Cox argues that his objections to the report must be liberally construed because he was proceeding pro se at the time. See Gordon v.
Leeke, 574 F.2d 1147, 1151 (4th Cir. 1978). Even affording Cox the
leeway he deserved as a pro se plaintiff, however, we agree with the
district court that Cox did not adequately object to the magistrate
judges conclusion that he lacked standing to bring an as-applied challenge to the Ordinance. Near the beginning of Coxs objections to the
report, he emphasized that his "request for Partial Summary Judgment
is based only on the language of the [Ordinance]: not the events of
June . . . 2001." J.A. 399. Cox then focused almost the entirety of his
written objections on the magistrate judges rejection of his facial
challenge. While one or two sentences in Coxs objections may be
tortuously construed to pertain to the as-applied claim, we cannot say
that the district court erred in concluding that Cox failed to object to
the magistrates conclusion regarding that claim. Cf. Weller v. Dept
of Soc. Servs., 901 F.2d 387, 391 (4th Cir. 1990) ("While pro se complaints may represent the work of an untutored hand requiring special
judicial solicitude, a district court is not required to recognize obscure
or extravagant claims defying the most concerted efforts to unravel
them." (internal quotation marks omitted)).5
III.
For the reasons stated above, we affirm the decision of the district
court striking down two sections of the Ordinance as facially unconstitutional and affirm the dismissal of Coxs as-applied claim.
AFFIRMED
5

Because the district court dismissed Coxs as-applied challenge, the


court also rejected Coxs claim for damages arising out of any constitutional violation that he suffered. As we affirm the decision of the district
court dismissing Coxs as-applied claim, we also affirm its decision
rejecting Coxs claim for damages

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COX v. CITY OF CHARLESTON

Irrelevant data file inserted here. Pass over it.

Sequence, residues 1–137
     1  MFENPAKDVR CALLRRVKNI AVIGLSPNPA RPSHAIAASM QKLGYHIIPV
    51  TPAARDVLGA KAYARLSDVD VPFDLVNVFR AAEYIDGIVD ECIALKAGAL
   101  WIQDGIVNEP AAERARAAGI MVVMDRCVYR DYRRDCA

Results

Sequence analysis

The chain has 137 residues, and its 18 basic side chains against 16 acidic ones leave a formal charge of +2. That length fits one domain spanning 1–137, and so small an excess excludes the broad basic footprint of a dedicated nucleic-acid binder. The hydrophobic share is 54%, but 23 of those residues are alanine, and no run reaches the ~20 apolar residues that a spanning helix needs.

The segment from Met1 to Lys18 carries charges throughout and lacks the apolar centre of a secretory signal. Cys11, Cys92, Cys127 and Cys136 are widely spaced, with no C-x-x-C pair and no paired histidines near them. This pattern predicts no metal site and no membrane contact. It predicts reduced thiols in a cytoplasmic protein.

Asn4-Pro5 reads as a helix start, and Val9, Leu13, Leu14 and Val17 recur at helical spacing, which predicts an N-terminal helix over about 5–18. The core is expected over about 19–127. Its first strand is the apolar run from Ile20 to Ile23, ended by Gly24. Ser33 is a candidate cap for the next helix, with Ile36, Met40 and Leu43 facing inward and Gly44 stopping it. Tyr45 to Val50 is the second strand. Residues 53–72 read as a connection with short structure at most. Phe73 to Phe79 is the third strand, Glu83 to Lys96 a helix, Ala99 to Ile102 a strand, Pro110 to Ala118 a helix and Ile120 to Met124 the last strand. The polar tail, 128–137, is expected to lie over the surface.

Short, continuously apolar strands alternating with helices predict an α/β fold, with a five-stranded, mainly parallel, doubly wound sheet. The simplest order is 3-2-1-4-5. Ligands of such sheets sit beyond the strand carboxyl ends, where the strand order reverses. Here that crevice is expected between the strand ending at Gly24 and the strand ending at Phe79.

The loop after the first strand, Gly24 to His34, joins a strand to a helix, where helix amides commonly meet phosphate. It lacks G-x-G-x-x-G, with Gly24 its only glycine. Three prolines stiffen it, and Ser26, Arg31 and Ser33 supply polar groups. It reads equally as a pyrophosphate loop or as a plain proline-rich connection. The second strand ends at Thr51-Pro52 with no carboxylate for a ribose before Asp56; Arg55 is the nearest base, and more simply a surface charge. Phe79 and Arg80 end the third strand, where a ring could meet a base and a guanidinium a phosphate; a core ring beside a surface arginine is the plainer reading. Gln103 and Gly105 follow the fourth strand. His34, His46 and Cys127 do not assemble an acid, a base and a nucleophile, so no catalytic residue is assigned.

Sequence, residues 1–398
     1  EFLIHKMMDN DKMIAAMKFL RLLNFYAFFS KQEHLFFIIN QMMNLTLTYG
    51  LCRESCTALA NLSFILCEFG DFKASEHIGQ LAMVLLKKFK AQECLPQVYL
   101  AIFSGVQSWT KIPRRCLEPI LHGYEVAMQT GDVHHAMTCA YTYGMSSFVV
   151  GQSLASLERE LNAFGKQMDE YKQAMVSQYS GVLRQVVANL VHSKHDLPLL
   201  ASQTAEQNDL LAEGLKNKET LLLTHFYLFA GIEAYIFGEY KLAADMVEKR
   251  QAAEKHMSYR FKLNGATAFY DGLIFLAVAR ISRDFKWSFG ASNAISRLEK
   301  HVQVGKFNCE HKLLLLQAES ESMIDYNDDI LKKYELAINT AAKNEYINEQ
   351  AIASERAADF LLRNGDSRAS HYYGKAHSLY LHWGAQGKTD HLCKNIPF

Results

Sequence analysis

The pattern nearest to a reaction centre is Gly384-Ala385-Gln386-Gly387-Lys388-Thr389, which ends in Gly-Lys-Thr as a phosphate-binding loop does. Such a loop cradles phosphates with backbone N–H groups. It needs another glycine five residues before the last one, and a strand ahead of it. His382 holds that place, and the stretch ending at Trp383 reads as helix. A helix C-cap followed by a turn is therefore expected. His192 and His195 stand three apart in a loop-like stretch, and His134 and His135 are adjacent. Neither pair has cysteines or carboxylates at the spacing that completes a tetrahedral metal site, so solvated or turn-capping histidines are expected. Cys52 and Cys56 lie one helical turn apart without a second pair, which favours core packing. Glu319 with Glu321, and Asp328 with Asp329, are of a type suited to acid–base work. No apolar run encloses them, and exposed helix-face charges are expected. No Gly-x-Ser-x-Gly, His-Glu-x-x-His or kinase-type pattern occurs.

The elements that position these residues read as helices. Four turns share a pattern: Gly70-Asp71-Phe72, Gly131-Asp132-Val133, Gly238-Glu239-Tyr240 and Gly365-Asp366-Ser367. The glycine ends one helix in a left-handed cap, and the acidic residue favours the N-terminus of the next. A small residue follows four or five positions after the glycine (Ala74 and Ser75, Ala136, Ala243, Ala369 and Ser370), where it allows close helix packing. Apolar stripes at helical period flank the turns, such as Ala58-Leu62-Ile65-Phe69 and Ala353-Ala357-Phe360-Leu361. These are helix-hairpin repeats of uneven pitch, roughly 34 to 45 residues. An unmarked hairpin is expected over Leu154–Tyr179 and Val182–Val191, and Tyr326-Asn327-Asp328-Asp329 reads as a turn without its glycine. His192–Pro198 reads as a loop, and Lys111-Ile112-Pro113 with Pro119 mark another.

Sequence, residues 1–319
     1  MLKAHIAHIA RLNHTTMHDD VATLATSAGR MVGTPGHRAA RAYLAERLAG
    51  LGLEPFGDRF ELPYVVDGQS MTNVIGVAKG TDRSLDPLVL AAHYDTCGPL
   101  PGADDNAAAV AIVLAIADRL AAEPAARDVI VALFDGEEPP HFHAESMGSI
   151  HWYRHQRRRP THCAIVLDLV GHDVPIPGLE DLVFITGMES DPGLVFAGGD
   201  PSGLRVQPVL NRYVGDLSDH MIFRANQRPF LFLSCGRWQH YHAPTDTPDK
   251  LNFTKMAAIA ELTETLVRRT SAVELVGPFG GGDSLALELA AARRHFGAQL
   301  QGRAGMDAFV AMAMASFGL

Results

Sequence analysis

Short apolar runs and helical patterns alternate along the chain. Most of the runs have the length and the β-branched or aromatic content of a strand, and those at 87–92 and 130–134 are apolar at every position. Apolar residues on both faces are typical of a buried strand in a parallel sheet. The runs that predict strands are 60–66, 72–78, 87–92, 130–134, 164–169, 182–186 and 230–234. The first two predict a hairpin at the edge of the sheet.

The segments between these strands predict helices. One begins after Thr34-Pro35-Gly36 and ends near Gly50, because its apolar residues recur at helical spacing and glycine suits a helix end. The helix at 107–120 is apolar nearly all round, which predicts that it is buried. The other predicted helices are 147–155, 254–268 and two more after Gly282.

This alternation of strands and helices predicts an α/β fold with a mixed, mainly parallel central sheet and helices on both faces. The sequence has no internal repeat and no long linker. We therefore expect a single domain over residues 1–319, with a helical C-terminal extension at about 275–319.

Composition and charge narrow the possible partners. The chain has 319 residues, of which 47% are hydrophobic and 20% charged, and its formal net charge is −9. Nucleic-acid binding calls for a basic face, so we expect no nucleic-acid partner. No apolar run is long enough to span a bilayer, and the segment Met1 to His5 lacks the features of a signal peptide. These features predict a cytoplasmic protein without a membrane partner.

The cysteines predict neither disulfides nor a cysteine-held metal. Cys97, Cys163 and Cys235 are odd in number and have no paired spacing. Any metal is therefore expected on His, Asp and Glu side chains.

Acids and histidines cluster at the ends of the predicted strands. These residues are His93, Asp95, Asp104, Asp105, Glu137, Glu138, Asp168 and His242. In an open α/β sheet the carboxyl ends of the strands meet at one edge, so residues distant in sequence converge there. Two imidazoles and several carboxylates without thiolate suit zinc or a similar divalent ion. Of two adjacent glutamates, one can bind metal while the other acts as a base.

APPENDIX
Chapter 7.16
ASSEMBLIES, PARADES,
PROCESSIONS AND EXHIBITIONS
Sections:
7.16.010
7.16.020
7.16.030
7.16.040
7.16.050
7.16.060
7.16.070
7.16.080
7.16.090

Enforcement.
Permit required.
Application for permit.
Contents of permit.
Matters considered in determining
issuance of permit.
Issuance.
Deviation from permit.
Display of permit.
Restrictions on hours.

7.16.010 Enforcement.
Nothing contained in this chapter shall prohibit the
authority of any officer to arrest a person engaged in any act
or activity granted a permit under this chapter, if the conduct
of such person violates the laws of the state, provisions of
this code or other ordinances of the city, or unreasonably
obstructs the public streets and sidewalks of the city, or
engages in acts that cause a breach of the peace. (Prior code
7-4-1)
7.16.020 Permit required.
It is unlawful for any person to organize, hold or participate in any parade, meeting, exhibition, assembly or procession of persons and/or vehicles on the streets or sidewalks
of the city, unless such activity shall have first been authorized by a written permit. (Prior code 7-4-2)

COX v. CITY OF CHARLESTON

7.16.030 Application for permit.


Any person desiring a permit required by the provisions
of this chapter shall make application therefore to the city
administrator, not less than seventy-two hours in advance of